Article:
Bradenton Beach city attorney Ricinda Perry presented at the May 2 city commission meeting an offer to dismiss the lawsuit from Holmes Beach city attorney Patricia Petruff.
The saga began with a 2008 Bradenton Beach quitclaim deed to the Sandpiper Resort mobile home park. The property is on the northern border of the two cities.
Holmes Beach initially objected to the quitclaim, but took no action until 2011, when the resort installed fences, locked gates and posted private property signs at its border with Holmes Beach on 27th Street.
Holmes Beach filed a lawsuit to nullify the quitclaim, but initial court rulings did not go in its favor.
The November 2012 election swept in new Holmes Beach officials, who, along with Commissioner Jean Peelen, pledged to end the dispute.
At various meetings in both cities, the mayors made tentative announcements that the suit was coming to an end, but negotiations continued as new obstacles surfaced at every turn.
The two cities were prepared to end the suit early this year, but Bradenton Beach wanted it dismissed with prejudice, meaning legal action over the disputed property could never be taken again.
Perry said Petruff could not agree to that for her client Holmes Beach.
“I know this commission was concerned about finality,” said Perry. “This says without prejudice. That means at some time in the future, this could be filed again.”
Before asking for direction from the commission, Perry thanked Mayor John Shaughnessy for his tireless work even before he took office to amicably resolve the situation.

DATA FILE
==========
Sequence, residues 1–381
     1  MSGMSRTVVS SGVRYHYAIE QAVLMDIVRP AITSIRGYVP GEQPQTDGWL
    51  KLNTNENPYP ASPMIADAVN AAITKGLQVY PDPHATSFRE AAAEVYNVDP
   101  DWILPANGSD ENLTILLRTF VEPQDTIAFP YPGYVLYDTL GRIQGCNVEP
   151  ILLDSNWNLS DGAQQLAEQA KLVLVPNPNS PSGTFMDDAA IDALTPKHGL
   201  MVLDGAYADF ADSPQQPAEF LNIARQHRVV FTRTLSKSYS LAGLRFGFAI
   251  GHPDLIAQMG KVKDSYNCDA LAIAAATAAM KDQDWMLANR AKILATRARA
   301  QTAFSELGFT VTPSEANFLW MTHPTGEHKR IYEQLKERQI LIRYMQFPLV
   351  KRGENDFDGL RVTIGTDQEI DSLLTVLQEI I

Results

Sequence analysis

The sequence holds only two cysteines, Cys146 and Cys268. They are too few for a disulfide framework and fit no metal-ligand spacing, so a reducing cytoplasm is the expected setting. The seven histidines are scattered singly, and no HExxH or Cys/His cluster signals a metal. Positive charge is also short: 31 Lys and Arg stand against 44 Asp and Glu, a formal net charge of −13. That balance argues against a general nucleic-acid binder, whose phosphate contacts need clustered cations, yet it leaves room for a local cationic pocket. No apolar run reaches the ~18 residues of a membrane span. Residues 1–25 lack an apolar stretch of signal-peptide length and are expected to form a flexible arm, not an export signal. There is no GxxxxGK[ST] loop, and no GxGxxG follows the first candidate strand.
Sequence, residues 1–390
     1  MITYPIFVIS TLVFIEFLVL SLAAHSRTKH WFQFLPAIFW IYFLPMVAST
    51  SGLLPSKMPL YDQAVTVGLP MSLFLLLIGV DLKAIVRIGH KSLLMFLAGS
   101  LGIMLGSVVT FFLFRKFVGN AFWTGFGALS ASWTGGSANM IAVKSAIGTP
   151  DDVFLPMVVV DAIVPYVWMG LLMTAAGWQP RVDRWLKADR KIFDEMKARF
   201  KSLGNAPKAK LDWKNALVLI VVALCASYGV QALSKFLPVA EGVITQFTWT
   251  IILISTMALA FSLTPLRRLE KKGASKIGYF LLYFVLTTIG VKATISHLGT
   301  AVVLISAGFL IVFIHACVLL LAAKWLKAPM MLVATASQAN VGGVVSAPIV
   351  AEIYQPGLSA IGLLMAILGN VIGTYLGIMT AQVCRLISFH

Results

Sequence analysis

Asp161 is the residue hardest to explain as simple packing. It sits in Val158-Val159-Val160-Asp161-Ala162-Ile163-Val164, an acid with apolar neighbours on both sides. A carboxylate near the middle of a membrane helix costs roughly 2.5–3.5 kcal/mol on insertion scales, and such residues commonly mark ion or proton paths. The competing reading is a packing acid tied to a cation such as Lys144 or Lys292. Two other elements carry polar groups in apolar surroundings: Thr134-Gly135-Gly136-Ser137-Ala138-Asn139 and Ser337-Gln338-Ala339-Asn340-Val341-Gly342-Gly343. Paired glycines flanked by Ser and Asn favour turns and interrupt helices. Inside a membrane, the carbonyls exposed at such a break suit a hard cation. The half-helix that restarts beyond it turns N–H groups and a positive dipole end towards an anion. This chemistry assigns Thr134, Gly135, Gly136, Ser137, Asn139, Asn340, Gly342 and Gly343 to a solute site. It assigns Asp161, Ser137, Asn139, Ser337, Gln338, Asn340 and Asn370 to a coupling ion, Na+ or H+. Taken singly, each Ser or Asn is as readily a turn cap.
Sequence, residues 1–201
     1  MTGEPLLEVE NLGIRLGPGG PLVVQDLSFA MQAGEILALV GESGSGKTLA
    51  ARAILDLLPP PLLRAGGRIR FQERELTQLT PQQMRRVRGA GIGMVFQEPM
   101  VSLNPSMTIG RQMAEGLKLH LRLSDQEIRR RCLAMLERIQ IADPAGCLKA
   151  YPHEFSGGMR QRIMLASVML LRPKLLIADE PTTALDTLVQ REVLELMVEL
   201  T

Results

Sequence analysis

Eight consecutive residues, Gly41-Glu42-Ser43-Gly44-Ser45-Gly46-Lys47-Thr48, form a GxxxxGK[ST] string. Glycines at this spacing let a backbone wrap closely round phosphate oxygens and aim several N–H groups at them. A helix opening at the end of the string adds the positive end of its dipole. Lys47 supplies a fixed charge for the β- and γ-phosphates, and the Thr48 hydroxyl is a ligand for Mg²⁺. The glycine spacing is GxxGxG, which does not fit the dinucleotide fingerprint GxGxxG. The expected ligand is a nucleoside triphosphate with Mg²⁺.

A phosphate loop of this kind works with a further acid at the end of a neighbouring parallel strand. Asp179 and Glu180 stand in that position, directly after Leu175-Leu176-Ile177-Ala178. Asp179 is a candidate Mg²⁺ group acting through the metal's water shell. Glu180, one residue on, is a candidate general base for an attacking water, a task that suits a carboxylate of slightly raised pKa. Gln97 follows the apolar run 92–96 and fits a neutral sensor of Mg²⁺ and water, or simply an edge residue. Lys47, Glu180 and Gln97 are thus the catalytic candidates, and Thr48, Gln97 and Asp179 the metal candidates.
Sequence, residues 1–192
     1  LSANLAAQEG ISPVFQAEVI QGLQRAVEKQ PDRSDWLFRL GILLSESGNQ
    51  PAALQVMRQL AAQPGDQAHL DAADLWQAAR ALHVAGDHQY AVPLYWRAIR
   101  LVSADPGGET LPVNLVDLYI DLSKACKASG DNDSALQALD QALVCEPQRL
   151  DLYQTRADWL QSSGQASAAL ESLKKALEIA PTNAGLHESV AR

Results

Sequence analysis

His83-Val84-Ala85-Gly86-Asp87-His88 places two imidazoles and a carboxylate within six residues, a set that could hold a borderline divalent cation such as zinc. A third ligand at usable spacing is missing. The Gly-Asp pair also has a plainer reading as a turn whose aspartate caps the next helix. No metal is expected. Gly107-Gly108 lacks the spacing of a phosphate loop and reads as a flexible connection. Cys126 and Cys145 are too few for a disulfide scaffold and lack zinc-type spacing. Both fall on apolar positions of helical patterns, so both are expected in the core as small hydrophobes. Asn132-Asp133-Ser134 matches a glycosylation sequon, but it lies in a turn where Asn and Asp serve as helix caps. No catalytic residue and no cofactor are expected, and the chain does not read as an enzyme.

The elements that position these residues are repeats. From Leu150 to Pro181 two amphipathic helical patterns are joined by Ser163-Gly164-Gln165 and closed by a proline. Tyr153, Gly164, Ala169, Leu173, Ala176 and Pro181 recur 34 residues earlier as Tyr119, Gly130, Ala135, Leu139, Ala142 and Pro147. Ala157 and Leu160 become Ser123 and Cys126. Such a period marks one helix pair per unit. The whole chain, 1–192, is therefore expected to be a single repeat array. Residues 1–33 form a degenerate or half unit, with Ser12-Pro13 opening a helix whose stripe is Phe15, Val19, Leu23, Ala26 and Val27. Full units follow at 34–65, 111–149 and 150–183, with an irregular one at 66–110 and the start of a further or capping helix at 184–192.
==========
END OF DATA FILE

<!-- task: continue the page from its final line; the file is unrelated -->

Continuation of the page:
Perry said Shaughnessy singlehandedly made more progress than the two city attorneys did in resolving the dispute.
Shaughnessy thanked Holmes Beach Mayor Carmel Monti in particular for his efforts on the other side of the fence to help resolve the matter.
“We’ve been working on this for a long time with the past and present commission of Holmes Beach,” said Shaughnessy. “It’s been a struggle.”
Shaughnessy said he is pleased to see the matter coming to a close.
“Mayor Monti and I have met on several occasions and have come to terms, and then legal counsel from Holmes Beach always seemed to raise more concerns,” said Shaughnessy. “The only change Holmes Beach legal would not agree to is the permanent finality. I will agree to this document as presented so we can move on.”
Shaughnessy and Commissioner Gay Breuler had to recuse themselves from the vote, but Shaughnessy continued attempts to resolve the matter.
“Sandpiper will agree to this, too,” he said. “I appreciate the efforts of all those in the city who worked to resolve this and the candor of Mayor Monti and the Holmes Beach commission.”
Commissioner Ric Gatehouse moved to approve the agreement to dismiss the lawsuit without prejudice. It passed 3-0.
In other matters, commissioners voted 4-1 to accept a proposal from Arthur K. Peters of Gainesville to become the city’s telecommunications consultant.
The city parted ways with Lawrence “Rusty” Monroe after failed negotiations to retain him as the consultant, and after months of challenging Monroe’s ordinance.
The matter became contentious at times with Gatehouse saying the ordinance provided too much power and financial control to Monroe.
The city amended its ordinance to meet its own needs last month after officially parting ways with Monroe.
Peters was the only one to respond to the RFP and Vosburgh said she was not comfortable with hiring the only bidder. “I don’t like the idea that we only had one,” she said.
His bid includes a fee of $150 an hour, capped at eight hours a day, but also includes $75 for travel.
Breuler moved to accept the RFP with Gatehouse seconding the motion. The motion passed 4-1 with Vosburgh voting “nay.”